Enasia Mc-Elvaine was one of the community leaders at the event, and represents the student body as a member of the OUSD school board. She is not from Cambodia, but sees herself as an ally of the group. She spoke about the importance of understanding what people from other cultures experience. “I understand. I very much understand, even though the time, setting, and place was different. The trauma and the impact is very much the same, the frustration and pain that you feel—I also can connect. There are many who can understand and connect with what you are going through,” said Mc-Elvaine.
Chanfou Saelee is a leader with Oakland’s Cambodian community and has worked with a handful of the students who were at the event. Saelee talked about the ongoing issue of deportation, not only of Cambodian refugees but of other ethnic groups. “This is an issue that goes across ethnic boundaries, and this event is a good segue into having communities come together and fight against the issue as one,” said Saelee.
“As somebody who cares deeply for all people within our community and works directly with many of our immigrant families, including first and second-generation students, I wanted to make sure that we were really coming together as a community,” said event organizer Nicole Knight, the executive director of the district’s English Language Leaner and Multilingual Achievement Office.
Knight is also the head of the school district’s Sanctuary Task Force, and has done a lot of work in starting a protocol for in case there are Immigration and Customs Enforcement (ICE) raids on campus. The protocol is made for school leaders to follow in the event of any ICE activity on campus or in the community.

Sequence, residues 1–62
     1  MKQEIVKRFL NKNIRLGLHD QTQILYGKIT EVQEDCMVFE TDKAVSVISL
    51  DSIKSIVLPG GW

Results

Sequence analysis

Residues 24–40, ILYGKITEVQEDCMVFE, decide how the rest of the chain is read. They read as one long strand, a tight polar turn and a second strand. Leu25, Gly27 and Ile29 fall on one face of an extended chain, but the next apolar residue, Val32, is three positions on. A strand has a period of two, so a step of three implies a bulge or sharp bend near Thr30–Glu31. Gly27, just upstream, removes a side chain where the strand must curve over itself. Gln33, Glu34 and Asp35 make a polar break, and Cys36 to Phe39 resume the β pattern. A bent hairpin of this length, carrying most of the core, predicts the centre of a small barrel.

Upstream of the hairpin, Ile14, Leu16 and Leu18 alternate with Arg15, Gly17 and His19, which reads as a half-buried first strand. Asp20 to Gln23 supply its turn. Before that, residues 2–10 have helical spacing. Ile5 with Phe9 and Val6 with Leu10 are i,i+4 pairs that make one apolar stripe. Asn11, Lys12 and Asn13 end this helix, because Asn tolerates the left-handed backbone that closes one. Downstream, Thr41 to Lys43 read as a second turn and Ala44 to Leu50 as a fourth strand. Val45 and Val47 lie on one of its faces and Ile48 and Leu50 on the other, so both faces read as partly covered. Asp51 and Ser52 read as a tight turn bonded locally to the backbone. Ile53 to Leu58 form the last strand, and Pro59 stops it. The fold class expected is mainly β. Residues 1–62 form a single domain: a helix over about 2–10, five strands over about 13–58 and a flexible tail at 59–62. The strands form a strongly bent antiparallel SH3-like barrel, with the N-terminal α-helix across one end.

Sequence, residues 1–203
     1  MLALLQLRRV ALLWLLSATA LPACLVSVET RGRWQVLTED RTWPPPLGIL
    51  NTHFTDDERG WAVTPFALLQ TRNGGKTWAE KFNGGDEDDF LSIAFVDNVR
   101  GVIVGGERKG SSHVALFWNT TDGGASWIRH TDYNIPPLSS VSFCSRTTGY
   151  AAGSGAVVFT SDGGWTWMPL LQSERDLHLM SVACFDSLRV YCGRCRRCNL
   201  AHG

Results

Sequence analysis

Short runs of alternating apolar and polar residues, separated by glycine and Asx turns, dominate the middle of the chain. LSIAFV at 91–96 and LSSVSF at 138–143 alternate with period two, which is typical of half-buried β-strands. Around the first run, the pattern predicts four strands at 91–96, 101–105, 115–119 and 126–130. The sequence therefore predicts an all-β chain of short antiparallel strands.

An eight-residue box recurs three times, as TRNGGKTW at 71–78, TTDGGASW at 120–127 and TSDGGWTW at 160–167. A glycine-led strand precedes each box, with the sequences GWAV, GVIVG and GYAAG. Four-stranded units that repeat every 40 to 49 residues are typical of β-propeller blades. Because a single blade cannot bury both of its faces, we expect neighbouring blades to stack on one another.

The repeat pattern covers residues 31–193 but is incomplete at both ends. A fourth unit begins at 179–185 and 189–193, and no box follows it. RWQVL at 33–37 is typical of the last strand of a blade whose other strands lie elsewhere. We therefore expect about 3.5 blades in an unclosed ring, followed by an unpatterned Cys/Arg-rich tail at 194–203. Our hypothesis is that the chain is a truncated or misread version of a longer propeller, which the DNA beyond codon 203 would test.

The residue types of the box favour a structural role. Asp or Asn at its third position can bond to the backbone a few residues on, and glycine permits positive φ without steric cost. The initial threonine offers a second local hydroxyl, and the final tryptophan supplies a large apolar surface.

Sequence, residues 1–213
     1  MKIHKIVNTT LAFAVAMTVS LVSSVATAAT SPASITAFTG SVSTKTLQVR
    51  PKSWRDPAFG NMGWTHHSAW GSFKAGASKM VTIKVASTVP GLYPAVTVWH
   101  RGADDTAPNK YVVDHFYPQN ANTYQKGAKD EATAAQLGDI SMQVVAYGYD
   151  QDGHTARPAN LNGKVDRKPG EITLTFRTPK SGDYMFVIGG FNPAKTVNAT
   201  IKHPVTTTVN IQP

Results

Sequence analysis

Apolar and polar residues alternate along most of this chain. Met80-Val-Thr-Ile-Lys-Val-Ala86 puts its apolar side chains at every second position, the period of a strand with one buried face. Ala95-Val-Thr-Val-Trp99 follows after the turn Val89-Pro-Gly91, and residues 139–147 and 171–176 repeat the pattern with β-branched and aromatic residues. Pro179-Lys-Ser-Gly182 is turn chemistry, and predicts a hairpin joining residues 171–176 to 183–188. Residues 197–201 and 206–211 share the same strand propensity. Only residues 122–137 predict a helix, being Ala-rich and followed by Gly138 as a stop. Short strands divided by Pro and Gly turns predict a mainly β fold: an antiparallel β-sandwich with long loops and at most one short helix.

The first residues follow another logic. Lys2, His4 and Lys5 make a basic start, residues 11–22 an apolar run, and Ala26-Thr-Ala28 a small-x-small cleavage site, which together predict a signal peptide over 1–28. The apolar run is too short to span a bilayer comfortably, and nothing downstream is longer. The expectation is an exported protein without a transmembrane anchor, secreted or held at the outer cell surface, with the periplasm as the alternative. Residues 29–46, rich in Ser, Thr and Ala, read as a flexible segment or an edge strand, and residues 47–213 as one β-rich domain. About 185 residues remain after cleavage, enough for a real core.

Knight said the film event was inspired by worries about immigration raids and deportation. “This event in particular focused on southeast Asian refugees and was initiated after learning that the Department of Homeland Security was targeting Cambodian and Vietnamese refugees with past criminal records and detaining and separating them. We also learned that it affected one of our community members. So, we wanted to hold this event to create awareness around the issue and provide a space for people to tell their stories and for people to listen to them,” said Knight.
Knight believes that is important not to just talk about community healing, but to put those words into action to affect change — “something that actually lives within our classrooms, schools, and our communities,” said Knight.
This includes making classrooms “safe and inclusive spaces,” she said, and “thinking about the world we are trying to create, and who are the leaders that we want to cultivate within in our students. The work of the Sanctuary Task Force is to also help our educators create spaces within their classrooms where they can engage in conversations around issues that are affecting them within their community.”
Siv said he hopes that people were able to take away many different messages from the film. But, in particular, he wanted to convey was a lesson about life itself. “Life for anybody in general is going to be difficult. However, for people who have gone through genocide, it’s extremely unfair. How does one get through all that? These things shouldn’t happen, it’s wrong. So, the message is: Where do we find peace, and not have to live this way?” said Siv.
To conclude the evening, Siv shared information about resources like the Asian Pacific Islander Outreach Center and East Bay Asian Youth Center for people who are looking for other outlets of support.
Next Tuesday at Oakland Senior High School there will be an Educators Curriculum Workshop at which teachers will discuss ways to teach students about history and current events. The workshop will take place at 4:30 and is open to members of the community.